Don’t Tell Me That, by Michael C. Dennis

I recently overheard a collector say this: “I am under a lot of pressure to collect the past-due balance as soon as possible.”  Upon hearing this, the customer could be forgiven for assuming they’re in a strong bargaining position. When a debtor thinks they are in the “driver’s seat,” it is more difficult for the collector to negotiate a favorable outcome.  I think a much better statement would be: “Your account is seriously past due. We need to reach agreement today about when, meaning how quickly, this past due balance will be cleared.”

I believe the “I’m under a lot of pressure” approach may be an attempt to get the debtor to either feel a shared responsibility with the collector for the status of the account, or that this is an “easy” way for the collector to approach their debtor.   But it’s doubtful that a debtor will feel a personal obligation to help the collector.  The debtor probably realizes that it’s likely this is how the collector approaches every slow pay customer.  As a result, this ‘hoping for help’ approach to collections is likely largely ineffective.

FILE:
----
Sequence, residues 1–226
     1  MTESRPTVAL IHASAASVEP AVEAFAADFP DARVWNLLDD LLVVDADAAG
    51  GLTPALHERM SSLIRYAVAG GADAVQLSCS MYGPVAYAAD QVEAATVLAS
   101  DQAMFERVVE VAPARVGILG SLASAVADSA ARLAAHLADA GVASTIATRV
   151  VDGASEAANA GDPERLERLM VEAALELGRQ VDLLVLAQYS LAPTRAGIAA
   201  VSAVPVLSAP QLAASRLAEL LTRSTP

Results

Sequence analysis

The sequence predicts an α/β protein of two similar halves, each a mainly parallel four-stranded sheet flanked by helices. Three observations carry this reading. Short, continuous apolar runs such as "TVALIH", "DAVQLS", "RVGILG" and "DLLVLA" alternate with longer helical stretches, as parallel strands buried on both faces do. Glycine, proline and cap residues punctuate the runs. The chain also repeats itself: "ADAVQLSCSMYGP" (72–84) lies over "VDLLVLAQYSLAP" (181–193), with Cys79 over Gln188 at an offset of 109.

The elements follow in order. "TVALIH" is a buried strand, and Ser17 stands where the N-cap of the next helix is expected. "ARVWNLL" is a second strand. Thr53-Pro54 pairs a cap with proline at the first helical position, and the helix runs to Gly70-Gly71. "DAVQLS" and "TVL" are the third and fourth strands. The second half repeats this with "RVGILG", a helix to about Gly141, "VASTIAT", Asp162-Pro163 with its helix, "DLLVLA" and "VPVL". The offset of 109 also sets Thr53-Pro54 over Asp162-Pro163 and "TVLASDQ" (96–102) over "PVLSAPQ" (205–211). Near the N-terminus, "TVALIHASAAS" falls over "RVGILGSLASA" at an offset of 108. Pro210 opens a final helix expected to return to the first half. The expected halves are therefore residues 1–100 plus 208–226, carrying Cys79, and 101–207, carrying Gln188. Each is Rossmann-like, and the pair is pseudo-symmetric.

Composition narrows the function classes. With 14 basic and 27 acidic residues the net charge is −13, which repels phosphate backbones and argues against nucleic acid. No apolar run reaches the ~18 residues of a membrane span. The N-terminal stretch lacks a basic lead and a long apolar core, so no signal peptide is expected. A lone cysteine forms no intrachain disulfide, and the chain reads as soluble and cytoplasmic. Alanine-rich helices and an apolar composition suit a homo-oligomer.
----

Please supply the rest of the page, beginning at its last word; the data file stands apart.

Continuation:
How do you approach customers? As always, I welcome your feedback.

Michael is the author of the Encyclopedia of Credit (, a free, fast, internet resource for credit and collection professionals.  He is a consultant, and the author of “Credit and Collection Forms and Procedures Manual” as well as a frequent instructor at CMA-sponsored educational events.  He can be contacted at 949-584-9685.

One Reply to “Don’t Tell Me That, by Michael C. Dennis”

  1. I agree, no debtor is going to offer or feel they need to help the collector.
    Plus the fact if you did use this approach, your upper hand in the matter is gone out the window. The collector always needs to be the one in charge.

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